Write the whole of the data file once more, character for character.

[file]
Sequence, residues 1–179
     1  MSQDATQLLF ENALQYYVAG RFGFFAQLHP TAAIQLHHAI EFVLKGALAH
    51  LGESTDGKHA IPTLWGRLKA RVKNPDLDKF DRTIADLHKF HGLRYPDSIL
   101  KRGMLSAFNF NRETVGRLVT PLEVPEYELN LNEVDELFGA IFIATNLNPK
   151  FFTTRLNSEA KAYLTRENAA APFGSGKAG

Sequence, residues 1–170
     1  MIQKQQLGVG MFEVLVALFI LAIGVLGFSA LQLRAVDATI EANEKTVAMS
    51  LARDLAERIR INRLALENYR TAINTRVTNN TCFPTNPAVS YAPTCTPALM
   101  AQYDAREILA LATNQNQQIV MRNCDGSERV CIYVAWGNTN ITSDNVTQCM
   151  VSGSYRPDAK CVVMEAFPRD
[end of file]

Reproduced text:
Sequence, residues 1–179
     1  MSQDATQLLF ENALQYYVAG RFGFFAQLHP TAAIQLHHAI EFVLKGALAH
    51  LGESTDGKHA IPTLWGRLKA RVKNPDLDKF DRTIADLHKF HGLRYPDSIL
   101  KRGMLSAFNF NRETVGRLVT PLEVPEYELN LNEVDELFGA IFIATNLNPK
   151  FFTTRLNSEA KAYLTRENAA APFGSGKAG

Sequence, residues 1–170
     1  MIQKQQLGVG MFEVLVALFI LAIGVLGFSA LQLRAVDATI EANEKTVAMS
    51  LARDLAERIR INRLALENYR TAINTRVTNN TCFPTNPAVS YAPTCTPALM
   101  AQYDAREILA LATNQNQQIV MRNCDGSERV CIYVAWGNTN ITSDNVTQCM
   151  VSGSYRPDAK CVVMEAFPRD